The workshop’s first session presented a policy assessment (MCDA: multi-criteria decision analysis:

) for different policy examples. Link It compared the policy impacts of outlawing poorly performing private rental properties as well as of strengthening community centres along a wide range of goal criteria that had been developed in a previous workshop, showing short  as well as long term effects on housing, energy and wellbeing.

The second session centred on the concrete policy of the Green Deal, an intendedly cost-neutral loan attached to a house that is repaid through bill savings:

. Workshop participants were presented with and employed a simulation model explaining the low uptake of the Green Deal. The modelling example was also used to explore interconnected areas of policy-making: (1) at its core a physical system, (2) surrounded by social aspects and users’ interaction with the system, (3) the incentive structure of policies, (4) questions of implementation and triggering change as well as (5) the paradigms and mind-sets representing how decision-makers’ ask questions and where they look for answers. The discussion also asked the question of how to implement change that would positively affect the variety of goal criteria.

In the last session participants were asked to point to burning issues they would like to see addressed. It became obvious how these issues barely stay within one topic area, but stretch for example from an affordability question to the market system and aspects of social and mental wellbeing. Following the presentation of the issues, participants developed intervention points for policy making that lie within the wide range of a policy’s concrete structure to the wider rules of the system and paradigms, representing economic, behaviour-oriented or different political perspectives.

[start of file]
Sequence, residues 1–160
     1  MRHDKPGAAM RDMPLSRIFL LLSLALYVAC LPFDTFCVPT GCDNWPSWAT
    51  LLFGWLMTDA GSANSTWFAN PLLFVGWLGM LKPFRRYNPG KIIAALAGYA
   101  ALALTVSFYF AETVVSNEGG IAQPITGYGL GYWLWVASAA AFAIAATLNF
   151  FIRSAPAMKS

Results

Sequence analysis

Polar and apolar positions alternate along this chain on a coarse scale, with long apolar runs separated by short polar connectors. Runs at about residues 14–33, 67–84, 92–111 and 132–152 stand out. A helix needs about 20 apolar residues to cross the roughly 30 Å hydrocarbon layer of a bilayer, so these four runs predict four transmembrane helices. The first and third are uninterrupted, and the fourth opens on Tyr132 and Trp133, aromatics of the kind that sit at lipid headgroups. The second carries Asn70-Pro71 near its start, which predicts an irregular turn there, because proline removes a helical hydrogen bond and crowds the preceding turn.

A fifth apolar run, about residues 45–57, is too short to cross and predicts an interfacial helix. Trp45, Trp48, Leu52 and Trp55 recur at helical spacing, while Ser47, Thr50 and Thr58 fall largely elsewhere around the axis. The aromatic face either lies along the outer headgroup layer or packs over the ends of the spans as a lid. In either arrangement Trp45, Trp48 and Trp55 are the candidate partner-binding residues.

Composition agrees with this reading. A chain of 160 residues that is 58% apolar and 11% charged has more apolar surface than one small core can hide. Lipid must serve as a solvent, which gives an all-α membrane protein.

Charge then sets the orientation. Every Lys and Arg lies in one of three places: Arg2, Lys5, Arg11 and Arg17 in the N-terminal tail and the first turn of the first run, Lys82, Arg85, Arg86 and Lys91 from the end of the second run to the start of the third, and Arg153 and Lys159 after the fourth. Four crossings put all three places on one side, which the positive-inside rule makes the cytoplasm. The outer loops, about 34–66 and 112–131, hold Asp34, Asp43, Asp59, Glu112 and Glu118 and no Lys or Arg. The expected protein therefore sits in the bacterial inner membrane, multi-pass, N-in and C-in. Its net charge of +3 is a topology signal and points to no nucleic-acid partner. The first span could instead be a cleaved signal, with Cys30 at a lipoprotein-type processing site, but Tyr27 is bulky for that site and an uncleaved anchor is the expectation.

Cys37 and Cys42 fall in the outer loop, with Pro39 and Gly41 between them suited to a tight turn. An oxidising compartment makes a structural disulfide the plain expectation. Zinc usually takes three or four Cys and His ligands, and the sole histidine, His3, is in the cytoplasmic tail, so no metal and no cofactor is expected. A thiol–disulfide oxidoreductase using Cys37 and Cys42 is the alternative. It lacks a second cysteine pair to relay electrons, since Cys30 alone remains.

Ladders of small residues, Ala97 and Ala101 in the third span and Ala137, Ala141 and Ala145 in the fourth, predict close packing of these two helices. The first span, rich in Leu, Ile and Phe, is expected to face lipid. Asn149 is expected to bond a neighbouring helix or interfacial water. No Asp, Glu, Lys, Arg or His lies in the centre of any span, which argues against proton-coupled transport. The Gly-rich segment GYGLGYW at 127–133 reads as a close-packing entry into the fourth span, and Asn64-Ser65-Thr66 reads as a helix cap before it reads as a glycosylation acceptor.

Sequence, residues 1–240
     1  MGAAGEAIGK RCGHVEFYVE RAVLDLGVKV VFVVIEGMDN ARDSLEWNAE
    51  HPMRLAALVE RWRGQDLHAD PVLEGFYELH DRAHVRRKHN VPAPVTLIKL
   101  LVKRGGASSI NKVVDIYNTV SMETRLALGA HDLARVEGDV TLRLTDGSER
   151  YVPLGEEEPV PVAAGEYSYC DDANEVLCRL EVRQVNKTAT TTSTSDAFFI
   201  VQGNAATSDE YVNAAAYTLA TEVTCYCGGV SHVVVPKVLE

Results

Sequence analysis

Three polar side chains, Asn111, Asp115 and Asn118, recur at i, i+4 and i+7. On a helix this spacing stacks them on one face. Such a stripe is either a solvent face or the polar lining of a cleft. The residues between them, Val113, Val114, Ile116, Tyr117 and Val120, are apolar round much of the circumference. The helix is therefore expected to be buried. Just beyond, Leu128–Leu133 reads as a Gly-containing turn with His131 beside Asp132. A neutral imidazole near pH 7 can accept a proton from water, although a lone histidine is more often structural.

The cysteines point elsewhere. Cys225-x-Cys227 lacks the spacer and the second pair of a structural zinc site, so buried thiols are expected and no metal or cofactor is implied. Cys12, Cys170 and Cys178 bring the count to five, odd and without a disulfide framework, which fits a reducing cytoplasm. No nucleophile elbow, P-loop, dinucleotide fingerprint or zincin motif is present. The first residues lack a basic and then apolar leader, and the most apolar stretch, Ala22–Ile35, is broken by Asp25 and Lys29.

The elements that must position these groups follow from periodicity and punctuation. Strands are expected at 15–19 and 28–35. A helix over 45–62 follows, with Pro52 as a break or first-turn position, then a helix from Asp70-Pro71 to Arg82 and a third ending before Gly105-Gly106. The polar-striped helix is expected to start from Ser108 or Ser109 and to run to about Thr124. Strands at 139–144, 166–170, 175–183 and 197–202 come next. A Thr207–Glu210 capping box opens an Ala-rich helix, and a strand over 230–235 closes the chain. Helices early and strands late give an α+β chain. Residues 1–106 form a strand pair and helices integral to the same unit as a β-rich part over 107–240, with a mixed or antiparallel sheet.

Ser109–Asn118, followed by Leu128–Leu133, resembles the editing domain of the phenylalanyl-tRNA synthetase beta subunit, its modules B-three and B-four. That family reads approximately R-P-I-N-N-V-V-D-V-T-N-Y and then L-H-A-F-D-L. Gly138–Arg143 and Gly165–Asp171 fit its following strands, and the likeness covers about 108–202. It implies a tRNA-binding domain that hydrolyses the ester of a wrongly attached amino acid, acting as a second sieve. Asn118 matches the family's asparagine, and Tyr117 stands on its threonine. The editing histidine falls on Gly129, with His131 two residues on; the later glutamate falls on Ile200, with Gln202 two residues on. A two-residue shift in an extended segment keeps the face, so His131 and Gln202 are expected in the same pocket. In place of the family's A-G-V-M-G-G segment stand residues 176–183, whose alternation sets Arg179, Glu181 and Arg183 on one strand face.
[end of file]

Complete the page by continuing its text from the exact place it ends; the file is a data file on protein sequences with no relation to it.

Group Model Building Workshops

In March-April 2016, we conducted three half-day workshops to develop a system dynamics model with small groups of stakeholders. The focus of these workshops was fragmentation/integration in the implementation of housing projects, and each workshop addressed a different domain where fragmentation occurs, such as the industry practice, communication with the communities and policy making. The collaborative model building process of the workshops helped derive the causal mechanisms that lead to fragmentation and also to reach a mutual understanding of the problem between the participants.

The three models resulting from the workshops will be combined and quantified to develop an interactive learning environment that will be introduced in the 4th Workshop on 30 June 2016.

Workshop I – Industry

In the first workshop held on 22 March 2016, the main discussion topic was why fragmentation occurs in the industry and how it is manifested. The participants were industry representatives and academics. The workshop resulted in a causal model structure developed collaboratively. This model represents the mechanisms between the ‘HEW’ (housing, energy and wellbeing) performance of buildings as-built by the industry, the performance gaps between the design, construction and post-occupancy stages, and the influence of the industry’s capabilities and quality orientation on performance. 

Workshop II – Community